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What Do You Look For In Athletic Footwear?

Updated on March 20, 2011

Stableness - regulation of ankle movement; shock absorption for the front of the foot and the heel - the greatest impact point; and breathability - the ability to eliminate moisture: These are the key aspects to consider when purchasing athletic footwear. Weight is also important. The more lightweight the footwear is the better it is - as long as padding and stableness are not sacrificed.

Your choice of shopping location will largely dictate the quality of athletic footwear you buy. A large amount of walking and running footwear are purchased at family-footwear, sporting-good, specialty athletic, department, and discount stores. You are more likely to pay higher prices at a shoe shop that provides for serious athletes, but you will probably find a more experienced sales associate who can help answer any questions you may have and assist to get you the correct design for your walking gait and for the kind of activity you plan to engage in.

Determine Your Gait

Most people purchasing walking and athletic footwear are typically not individuals whose feet need corrective footwear. However, makers also supply designs for unique requirements. If someone has feet that roll inward (pronate) in excess, a steadying or motion-control footwear may lessen the issue, and if someone's feet do not pronate sufficiently, padded footwear that places emphasis on shock absorption may be desirable. Over-pronators usually have a short arc; under-pronators, a tall arc, and neutral athletes lie somewhere between the two. If your athletic footwear is well-worn, take it with you to the store. The wear patterning may the sales associate to determine your walking gait and be able to suggest the correct new footwear.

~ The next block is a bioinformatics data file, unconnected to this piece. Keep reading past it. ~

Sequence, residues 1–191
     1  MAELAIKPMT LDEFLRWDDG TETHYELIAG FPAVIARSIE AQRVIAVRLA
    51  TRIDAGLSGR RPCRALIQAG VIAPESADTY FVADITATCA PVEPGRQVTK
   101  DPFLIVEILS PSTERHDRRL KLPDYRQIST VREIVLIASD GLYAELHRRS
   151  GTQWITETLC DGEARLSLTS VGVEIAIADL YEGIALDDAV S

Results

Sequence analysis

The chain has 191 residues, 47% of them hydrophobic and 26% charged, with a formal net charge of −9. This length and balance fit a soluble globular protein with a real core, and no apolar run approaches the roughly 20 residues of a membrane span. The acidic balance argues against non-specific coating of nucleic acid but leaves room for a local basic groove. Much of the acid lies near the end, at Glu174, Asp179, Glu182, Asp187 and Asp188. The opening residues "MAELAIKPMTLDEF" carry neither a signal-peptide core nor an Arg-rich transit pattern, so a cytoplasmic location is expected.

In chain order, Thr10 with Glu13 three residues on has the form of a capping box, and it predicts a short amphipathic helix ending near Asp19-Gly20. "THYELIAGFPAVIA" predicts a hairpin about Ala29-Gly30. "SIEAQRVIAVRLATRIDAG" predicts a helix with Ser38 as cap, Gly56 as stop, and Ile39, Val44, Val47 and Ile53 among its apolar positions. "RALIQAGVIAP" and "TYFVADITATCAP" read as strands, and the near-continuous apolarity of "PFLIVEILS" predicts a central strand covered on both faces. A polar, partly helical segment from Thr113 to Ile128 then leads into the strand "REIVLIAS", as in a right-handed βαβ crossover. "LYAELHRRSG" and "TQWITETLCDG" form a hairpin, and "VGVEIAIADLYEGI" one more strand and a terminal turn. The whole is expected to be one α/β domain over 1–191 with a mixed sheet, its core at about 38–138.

Get A Decent Fit To Remain Fit

The first law of shopping for sport footwear is that how the shoe fits is more important than any other thing feature. The wrong choice could create fatigue and discomfort, or even sore joints and foot issues.

Feet are inclined to bloat towards the day's end, so shop for new footwear in the late afternoon, and dress in the type of stockings you will be dressing in for walking or running. Feel about within the shoes for rough spots, seams and bumps. Walking and running footwear ought to feel good as soon as you put them on, without being worn in.

Take Shoes For A Test Run

Purchasing footwear without giving them a try is like purchasing a vehicle without test-driving it. Walk or jog a bit in the shop, and inquire as to whether you could try the footwear one time about the block. Even better, inquire as to whether you could purchase the footwear, test them out at home on the treadmill or at the gym, and bring them back if they do not feel proper.

Give Orthotics A Second Thought

If your feet tend to be painful after walking or running, you may be enticed to attempt orthotics - customized footwear inserts that fit over the insoles. However, orthotics could be costly and may decrease a shoe's padding. Think about whether your issue can be rectified with new footwear or a distinct feature of regular footwear (neutral, stability, or cushioning).

Continued In: What Do You Look For In Athletic Footwear? - Part 2

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